Three tricks from an expert for running in really extreme heat

If the tricks for running in extreme heat come from someone who is used to run in one of the most inhospitable and hot places in the world, it is best to follow them. Chris Kostman is the race director of the dreaded and very hot Badwater 135: 217 miles in California’s Death Valley on asphalt so hot you have to run on white stripes or your soles will melt, and a pleasant temperature that touches peaks of 54°C.
Among his advice-told to Canadian Running Magazine-there are familiar things and others a bit more unexpected. Let’s see them.

1. Dress wisely

Choose polypropylene or polyester apparel in light colors. It may not be the most environmentally friendly choice, but in this case cotton is not the most suitable material: while it may give a pleasant feeling of well-being at first, as soon as it gets soaked with sweat it has more difficulty drying than technical and synthetic fabrics, which then allow you to more effectively wick away the sweat and thus the heat in contact with the air.

Start running in already wet clothing. You can dip it in water or spray it on yourself. The feeling of discomfort from the soaked clothes will be immediately overcome by the feeling of well-being from the lower body temperature. And don’ t forget to wear a hat, including a wet one of course: by lowering the temperature of the hottest part of the body-that is, the head-the whole body will benefit.

Young tired athlete splashing and pouring fresh water on his head to refresh during a running trail

2. Drink before starting, continue during

Hydrating properly is the best way to avoid dehydration and, with it, sunstroke. Dehydration makes the blood thicker, loading the heart and fatiguing it and increasing the heart rate.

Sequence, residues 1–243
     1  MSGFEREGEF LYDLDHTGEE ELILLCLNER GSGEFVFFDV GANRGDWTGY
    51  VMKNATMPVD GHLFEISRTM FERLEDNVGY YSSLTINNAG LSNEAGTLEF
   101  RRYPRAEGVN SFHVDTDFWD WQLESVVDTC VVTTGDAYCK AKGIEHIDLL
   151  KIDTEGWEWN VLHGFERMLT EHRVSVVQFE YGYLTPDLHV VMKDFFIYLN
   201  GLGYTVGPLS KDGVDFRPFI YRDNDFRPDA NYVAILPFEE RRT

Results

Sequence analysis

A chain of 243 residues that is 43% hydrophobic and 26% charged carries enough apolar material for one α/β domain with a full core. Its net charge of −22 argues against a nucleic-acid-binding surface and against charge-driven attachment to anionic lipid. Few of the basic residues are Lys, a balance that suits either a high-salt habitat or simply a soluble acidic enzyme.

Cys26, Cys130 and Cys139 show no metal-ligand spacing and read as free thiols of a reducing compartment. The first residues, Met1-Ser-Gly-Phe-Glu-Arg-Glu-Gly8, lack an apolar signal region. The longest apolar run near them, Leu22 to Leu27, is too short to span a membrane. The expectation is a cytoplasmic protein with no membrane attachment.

Studies show that, in extreme conditions, cold drinks are not enough but it is better to take ice-cold ones: your body temperature will stay within guarded values longer and you will gain prolonged well-being. And don’t forget to drink mineral salt supplements, especially if you exceed your water intake: the danger is hyponatremia, which is insufficient sodium concentration in the blood that can lead to diarrhea, heart failure, liver and kidney problems (and worse).

3. Ice is your ally

Well, yes: this is perhaps the most extreme and least natural solution, but all the top runners use it, especially those of the last Western States 100, where ice cubes were available at the stations in addition to water and a few supplements.

How did competitors make use of it? By filling bandanna and buff with ice so that you can place them on your head and neck, drastically lowering the temperature. Any other places to put ice to let it melt slowly? The sleeves of the jersey and the cap.

4 (bonus). How to recognize sunstroke and heat stroke

This is perhaps the most important advice and allows you to identify the symptoms of two extreme physical conditions that, if left untreated, can have consequences. Heat stroke (or heatstroke) and sunstroke are often confused but they are somewhat different things, partly because heat stroke can occur even indoors and without being exposed to the sun.

Heat stroke/heat stroke occurs with temperatures above 35°C, poor ventilation and high humidity, which prevents the body from decreasing body temperature effectively through heat exchanges with the surrounding air, as heat evaporates more slowly.
How to recognize it: weakness, high body temperature but no sweating, nausea, disorientation, cramps, dizziness and headache

The insolation It occurs in the sunlight and has symptoms similar to those of heatstroke, with the added effects of exposure to sunlight and radiation, resulting in: reddening of the skin (erythema) with blistering and itchy eruptions, burns and pain, eye irritation and tearing, general malaise, confusion, and, in severe cases, unconsciousness and small brain hemorrhages.

What to do in both cases:

  • Move (or move whoever is having it, in case they are not in a condition) to a cooler, ventilated place
  • Lying down with the legs raised above the body
  • Cool the body and head with wet cloths or by soaking in a tub of cool (not cold) water
  • Do not use alcohol on the body because it may lower the temperature too abruptly, causing a very dangerous temperature swift
  • Keep calm and don’t get anxious
  • Drink water that is not too cold and in small sips
  • Do not use antipyretics (fever-lowering drugs) without medical consultation.

(Main image credits: Maridav on – Via Canadian Running Magazine)


related posts


Please enter your comment!
Please enter your name here

This site uses Akismet to reduce spam. Learn how your comment data is processed.